Science laughs at the Bible’s account of the parting of the Red Sea, and would instead have us believe the Egyptian army, it’s horses, chariots and weaponry were all destroyed in twelve inches of water and washed ashore at the Sea of Reeds.


     Over the years, this sort of nonsense has convinced me that extremism only compounds the problem and solves nothing. I know in my heart that only a Supreme Being with unfathomable power and intelligence, an omnipotent, omniscient, omnipresent God could have designed and created all that exists. Who or what else could possibly keep the ever-expanding universe under control, planets in their orbits, invent gravity, and prepare a place for the souls of the faithful?


     God is love. God is Spirit. The cross of Christ and his resurrection cannot be measured in laboratories filled with bubbling test tubes. Such things are only discerned in the hearts and minds of God’s most precious creation…mankind itself.


     There is distinct order to God’s design. This is why bananas don’t grow on rose bushes, why lions have manes rather than wings, and why sharks have fins and not fur. It’s also why contemporary apes remain apes, rather than eventually becoming leaders of the free world.


     Science has its place…research, discovery and service-related production. Religion, on the other hand, is mostly man’s creation. God, however, has nothing to do with “religion.” God is…God! God did not create or develop religion; man did. Thus, we have many religions, sects, denominations, etc. There is, however, one God, one Creator, and one Savior. His deeds are recorded. We know much of the what, but not the how.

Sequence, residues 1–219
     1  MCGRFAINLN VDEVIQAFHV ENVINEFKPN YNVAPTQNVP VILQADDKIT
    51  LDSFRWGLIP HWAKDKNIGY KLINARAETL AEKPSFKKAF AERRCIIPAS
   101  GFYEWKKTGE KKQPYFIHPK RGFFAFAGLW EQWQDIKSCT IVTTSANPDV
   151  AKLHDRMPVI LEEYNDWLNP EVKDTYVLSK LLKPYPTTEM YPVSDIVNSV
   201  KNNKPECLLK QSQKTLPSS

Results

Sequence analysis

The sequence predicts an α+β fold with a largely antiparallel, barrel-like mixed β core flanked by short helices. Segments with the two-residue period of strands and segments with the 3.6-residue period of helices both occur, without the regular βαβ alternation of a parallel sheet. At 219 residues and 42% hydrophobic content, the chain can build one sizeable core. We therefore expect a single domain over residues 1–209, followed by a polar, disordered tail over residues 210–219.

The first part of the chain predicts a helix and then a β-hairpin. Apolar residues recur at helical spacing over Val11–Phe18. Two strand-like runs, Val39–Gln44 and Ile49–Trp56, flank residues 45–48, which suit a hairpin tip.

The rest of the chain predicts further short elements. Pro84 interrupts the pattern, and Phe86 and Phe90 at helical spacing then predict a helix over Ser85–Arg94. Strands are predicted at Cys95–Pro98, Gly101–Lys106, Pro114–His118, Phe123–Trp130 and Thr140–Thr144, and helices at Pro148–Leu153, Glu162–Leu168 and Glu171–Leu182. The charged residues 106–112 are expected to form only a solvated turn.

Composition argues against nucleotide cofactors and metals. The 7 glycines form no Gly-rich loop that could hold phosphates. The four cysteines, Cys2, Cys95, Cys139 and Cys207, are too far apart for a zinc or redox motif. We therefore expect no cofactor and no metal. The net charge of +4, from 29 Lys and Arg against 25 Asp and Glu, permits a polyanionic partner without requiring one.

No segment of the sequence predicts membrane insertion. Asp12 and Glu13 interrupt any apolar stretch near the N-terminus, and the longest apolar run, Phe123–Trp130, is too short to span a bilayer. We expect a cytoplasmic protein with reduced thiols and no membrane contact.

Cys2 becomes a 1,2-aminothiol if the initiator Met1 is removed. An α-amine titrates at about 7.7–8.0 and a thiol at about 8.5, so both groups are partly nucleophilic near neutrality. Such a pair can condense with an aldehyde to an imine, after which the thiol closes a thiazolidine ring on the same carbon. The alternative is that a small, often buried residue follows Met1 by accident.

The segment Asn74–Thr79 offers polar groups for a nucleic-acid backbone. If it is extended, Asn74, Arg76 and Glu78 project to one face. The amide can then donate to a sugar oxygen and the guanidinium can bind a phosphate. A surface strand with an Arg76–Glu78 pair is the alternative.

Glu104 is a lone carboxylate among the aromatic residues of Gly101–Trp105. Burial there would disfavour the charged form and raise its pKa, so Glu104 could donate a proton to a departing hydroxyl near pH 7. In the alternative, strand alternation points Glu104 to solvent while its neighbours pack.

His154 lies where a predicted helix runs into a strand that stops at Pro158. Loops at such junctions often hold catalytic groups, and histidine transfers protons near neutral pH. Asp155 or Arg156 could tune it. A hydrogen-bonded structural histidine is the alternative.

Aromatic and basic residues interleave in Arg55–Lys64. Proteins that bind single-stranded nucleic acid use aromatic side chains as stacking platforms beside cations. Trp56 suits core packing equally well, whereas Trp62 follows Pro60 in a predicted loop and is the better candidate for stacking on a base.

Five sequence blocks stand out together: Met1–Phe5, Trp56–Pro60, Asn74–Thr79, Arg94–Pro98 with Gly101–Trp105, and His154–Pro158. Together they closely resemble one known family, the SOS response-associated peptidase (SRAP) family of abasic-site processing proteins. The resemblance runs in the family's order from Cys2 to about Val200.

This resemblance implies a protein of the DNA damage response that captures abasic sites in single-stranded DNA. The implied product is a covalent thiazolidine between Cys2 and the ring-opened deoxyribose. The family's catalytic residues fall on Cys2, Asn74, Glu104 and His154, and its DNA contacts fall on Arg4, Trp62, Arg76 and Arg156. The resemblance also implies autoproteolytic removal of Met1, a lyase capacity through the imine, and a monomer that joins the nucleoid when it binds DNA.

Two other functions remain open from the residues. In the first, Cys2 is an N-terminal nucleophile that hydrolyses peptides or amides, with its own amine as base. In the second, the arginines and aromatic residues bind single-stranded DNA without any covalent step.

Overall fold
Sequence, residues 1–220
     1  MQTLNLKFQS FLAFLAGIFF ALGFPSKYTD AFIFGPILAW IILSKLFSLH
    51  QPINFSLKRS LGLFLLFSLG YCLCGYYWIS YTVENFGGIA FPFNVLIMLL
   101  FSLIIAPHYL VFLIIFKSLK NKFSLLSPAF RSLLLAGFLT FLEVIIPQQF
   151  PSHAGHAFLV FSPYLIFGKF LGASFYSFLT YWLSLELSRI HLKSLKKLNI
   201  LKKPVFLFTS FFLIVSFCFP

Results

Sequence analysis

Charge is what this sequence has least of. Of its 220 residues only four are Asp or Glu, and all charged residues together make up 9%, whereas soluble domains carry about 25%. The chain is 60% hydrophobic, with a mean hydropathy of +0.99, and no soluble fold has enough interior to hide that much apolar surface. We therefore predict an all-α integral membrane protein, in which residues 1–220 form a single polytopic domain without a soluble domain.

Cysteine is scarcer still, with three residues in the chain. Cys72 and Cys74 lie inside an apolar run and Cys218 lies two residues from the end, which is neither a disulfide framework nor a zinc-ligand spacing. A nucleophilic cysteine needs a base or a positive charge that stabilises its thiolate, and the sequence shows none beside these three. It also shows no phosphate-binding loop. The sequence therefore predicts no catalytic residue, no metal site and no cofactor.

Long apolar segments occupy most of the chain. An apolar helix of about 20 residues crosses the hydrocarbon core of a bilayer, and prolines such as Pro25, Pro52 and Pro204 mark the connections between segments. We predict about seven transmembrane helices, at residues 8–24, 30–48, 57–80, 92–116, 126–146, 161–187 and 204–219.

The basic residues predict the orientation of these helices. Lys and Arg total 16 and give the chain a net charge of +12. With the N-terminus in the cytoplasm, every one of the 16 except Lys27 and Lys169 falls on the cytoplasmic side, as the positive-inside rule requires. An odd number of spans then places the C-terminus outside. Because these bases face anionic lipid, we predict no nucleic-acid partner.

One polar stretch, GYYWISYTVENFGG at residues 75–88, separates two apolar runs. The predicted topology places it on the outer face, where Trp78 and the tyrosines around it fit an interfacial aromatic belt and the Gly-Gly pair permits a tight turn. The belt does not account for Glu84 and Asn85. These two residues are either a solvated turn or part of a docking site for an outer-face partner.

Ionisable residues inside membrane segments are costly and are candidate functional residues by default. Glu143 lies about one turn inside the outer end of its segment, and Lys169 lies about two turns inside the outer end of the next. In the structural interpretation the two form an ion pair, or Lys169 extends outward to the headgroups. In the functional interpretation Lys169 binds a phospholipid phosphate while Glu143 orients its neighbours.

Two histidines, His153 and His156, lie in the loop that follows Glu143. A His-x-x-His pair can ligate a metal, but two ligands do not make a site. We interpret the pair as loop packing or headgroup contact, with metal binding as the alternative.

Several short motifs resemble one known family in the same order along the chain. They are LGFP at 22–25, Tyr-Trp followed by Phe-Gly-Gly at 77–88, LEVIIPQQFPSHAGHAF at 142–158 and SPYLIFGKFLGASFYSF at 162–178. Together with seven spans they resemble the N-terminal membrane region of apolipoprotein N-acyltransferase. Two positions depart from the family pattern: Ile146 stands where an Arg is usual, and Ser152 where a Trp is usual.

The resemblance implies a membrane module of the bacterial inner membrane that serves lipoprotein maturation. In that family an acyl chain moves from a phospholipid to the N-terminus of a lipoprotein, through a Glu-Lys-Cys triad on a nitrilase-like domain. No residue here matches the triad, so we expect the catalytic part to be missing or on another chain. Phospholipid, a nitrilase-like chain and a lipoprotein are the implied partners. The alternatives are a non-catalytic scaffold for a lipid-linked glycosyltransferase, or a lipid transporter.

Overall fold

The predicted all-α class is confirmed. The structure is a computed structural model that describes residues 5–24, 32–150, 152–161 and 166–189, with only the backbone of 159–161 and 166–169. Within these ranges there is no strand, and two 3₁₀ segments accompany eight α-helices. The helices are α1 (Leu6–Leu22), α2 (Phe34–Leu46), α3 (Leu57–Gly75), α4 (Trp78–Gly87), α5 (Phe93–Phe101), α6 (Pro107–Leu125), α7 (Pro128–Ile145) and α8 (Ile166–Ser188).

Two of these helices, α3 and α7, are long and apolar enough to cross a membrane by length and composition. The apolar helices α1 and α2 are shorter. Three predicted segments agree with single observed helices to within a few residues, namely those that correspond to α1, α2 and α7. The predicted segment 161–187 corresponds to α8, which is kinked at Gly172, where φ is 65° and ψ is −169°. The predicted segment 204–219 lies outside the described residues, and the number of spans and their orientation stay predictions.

Since we are not all likeminded, we debate that which we don’t really understand. It won’t be until we fully understand unity does not necessarily mean like-mindedness, that we’ll be able to respect one another’s opinions. There is much truth in science, but all truth rests with God.


     Let’s learn to live with that…   

 

 

 

Taking the Gloves Off
By Jim Roberts

 

The questions fired at me by this large group of high school students took me completely by surprise. I had simply asked them what they would like to discuss in Sunday school. There had been talk about their lack of residual tolerance concerning the usual topical material provided by typical church-related publishers, and as their new teacher, I was curious as to what they deemed worthy of their attention.

Here is a sampling of their questions, indicating the areas of their curiosity. They wanted to know how the Bible responds to questions like:

  • Is it a sin for me to hate my father for beating up my mother all the time?

  • What’s the difference between adultery and fornication?

  • Just how wrong is premarital sex, anyway?

  • Is divorce ever justified?

  • How can I be assured of having a good marriage?

  • What about the gay and lesbian issue; should men be marrying men and women marrying women?

  • Why do I sin, seek forgiveness, and then commit the same sin over and over again?

  • Is the Bible always right? Does it contradict itself?

  • Can I “fall from grace” and actually lose my salvation?

  • There are so many churches; which is the one Christ built?

  • How can a Christian be meek and humble, and strong and bold at the same time?

  • Are Mormons and Jehovah’s Witnesses cultists?

  • What happens to people who never hear the Gospel? What about little babies? How can they believe in Jesus if they’ve never heard of him? Are they doomed?

  • John the Baptist said Jesus would baptize with the Holy Spirit and with fire. Who gets baptized with fire? Is my baptism in water of no account?

  • What is meant by “many are called but few are chosen?” How do I know which I am, called or chosen?

  • Why doesn’t God answer my prayers?

  • Why are some people healed and others are not?

  • Is predestination true or false?